October 3, 2019
What Is the Rescue Doctrine and When Does it Apply?
An emergency scenario can erupt at any moment. In a situation where another person’s life is in danger, it’s human nature to want to save them, even if it means you’ll get injured in the process. When that happens, you’re protected by the Rescue Doctrine.
The Rescue Doctrine states that when someone else causes a crisis, if you attempt to save a person in danger and receive injuries or die, the person who caused the danger is liable for your injuries or death. Since that person is liable, you can receive compensation for any injuries that you received while voluntarily trying to save another person from serious injury or death.
What Is the Rescue Doctrine?
The Rescue Doctrine started in 1921 after the case Wagner v. International Railway in New York. The lawsuit came about because the International Railway allowed train passengers to walk between train cars while it was moving even though it was dangerous, and a passenger fell through. Wagner voluntarily helped the rider who fell and was injured while helping. This led to the establishment of the Rescue Doctrine because the defendant was liable for Wagner’s injury from their negligence.
In Georgia, the doctrine shows up in the Walker Hauling Company, Inc. v. Johnson case of 1964. In this case, the plaintiff volunteered as a firefighter after an explosion caused by the defendant’s negligence, and the plaintiff was injured. According to Georgia’s tort law, the rescue doctrine applies because the plaintiff was attempting to rescue endangered life or property on their own free will.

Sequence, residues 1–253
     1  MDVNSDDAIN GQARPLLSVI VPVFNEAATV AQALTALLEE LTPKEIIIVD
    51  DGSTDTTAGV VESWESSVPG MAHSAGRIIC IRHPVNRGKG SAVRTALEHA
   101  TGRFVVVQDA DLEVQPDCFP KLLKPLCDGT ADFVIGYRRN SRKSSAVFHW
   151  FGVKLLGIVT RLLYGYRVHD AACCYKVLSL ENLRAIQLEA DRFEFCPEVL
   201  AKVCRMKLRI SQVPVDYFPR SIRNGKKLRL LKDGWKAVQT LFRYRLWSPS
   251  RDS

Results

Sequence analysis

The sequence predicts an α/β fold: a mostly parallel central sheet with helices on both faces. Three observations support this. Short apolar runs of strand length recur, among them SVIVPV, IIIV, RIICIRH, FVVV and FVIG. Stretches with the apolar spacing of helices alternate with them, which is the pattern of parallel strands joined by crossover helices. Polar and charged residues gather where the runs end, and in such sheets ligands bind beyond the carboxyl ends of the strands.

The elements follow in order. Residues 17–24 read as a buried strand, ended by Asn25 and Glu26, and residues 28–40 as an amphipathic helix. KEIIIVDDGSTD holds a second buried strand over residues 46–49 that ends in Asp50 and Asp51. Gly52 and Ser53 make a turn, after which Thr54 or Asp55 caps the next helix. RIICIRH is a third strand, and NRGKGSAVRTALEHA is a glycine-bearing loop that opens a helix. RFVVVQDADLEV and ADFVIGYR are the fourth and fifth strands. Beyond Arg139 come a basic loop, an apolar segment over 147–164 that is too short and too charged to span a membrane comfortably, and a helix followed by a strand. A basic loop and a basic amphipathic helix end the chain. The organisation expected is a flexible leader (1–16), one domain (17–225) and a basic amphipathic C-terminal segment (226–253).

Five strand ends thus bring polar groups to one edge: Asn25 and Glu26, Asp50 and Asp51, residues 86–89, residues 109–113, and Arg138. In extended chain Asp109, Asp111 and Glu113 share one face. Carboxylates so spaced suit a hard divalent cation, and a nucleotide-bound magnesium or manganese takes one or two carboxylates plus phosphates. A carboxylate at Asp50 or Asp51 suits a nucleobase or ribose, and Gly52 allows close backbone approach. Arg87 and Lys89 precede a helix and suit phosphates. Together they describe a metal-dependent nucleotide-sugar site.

When Does the Rescue Doctrine Apply?
In order for the Rescue Doctrine to apply, certain aspects of the scenario must be proven. Without careful presentation of your situation, your case might not fall under the doctrine. A diligent and experienced legal team can help you prove the necessary points that:
- The dangerous situation was caused by the defendant and their negligence.
- The plaintiff was attempting to rescue a person in that dangerous situation.
- While making the rescue attempt, the plaintiff was injured or died.
- The plaintiff was practicing reasonable care during the attempt.
If this is still confusing, here’s an example. Say you witness a car accident. One driver is speeding and bumps into the car in front of them. That car runs off the road and into a ditch. You see that the victim is trapped in their car, so you decide to help. While you are attempting to pull the victim from the car, you break your ankle. The driver who caused the accident is liable to compensate you for your injury because the situation happened because of them.
Who Can Help?
If you still have questions about the Rescue Doctrine and think it applies to your case in Atlanta, Bey & Associates, LLC has your answers. We can help you seek compensation for your injuries and get you the justice you deserve. Contact us to schedule a free consultation with one of our dedicated lawyers.
The above blog may be considered advertising material and should not be used as legal advice.